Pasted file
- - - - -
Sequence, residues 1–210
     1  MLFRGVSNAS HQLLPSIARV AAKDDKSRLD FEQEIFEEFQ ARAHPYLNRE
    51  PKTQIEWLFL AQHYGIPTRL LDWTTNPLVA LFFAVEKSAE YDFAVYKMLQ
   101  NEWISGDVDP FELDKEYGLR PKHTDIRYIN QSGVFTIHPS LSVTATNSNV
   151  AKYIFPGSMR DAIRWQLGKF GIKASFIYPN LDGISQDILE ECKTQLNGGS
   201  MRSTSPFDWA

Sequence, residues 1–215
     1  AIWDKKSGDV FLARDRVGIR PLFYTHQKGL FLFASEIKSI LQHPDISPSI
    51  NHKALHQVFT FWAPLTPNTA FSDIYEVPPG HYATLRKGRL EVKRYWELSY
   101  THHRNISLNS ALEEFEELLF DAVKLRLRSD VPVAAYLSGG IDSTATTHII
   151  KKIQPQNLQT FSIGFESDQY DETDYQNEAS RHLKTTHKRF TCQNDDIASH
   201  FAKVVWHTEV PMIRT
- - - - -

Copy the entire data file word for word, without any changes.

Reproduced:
Sequence, residues 1–210
     1  MLFRGVSNAS HQLLPSIARV AAKDDKSRLD FEQEIFEEFQ ARAHPYLNRE
    51  PKTQIEWLFL AQHYGIPTRL LDWTTNPLVA LFFAVEKSAE YDFAVYKMLQ
   101  NEWISGDVDP FELDKEYGLR PKHTDIRYIN QSGVFTIHPS LSVTATNSNV
   151  AKYIFPGSMR DAIRWQLGKF GIKASFIYPN LDGISQDILE ECKTQLNGGS
   201  MRSTSPFDWA

Sequence, residues 1–215
     1  AIWDKKSGDV FLARDRVGIR PLFYTHQKGL FLFASEIKSI LQHPDISPSI
    51  NHKALHQVFT FWAPLTPNTA FSDIYEVPPG HYATLRKGRL EVKRYWELSY
   101  THHRNISLNS ALEEFEELLF DAVKLRLRSD VPVAAYLSGG IDSTATTHII
   151  KKIQPQNLQT FSIGFESDQY DETDYQNEAS RHLKTTHKRF TCQNDDIASH
   201  FAKVVWHTEV PMIRT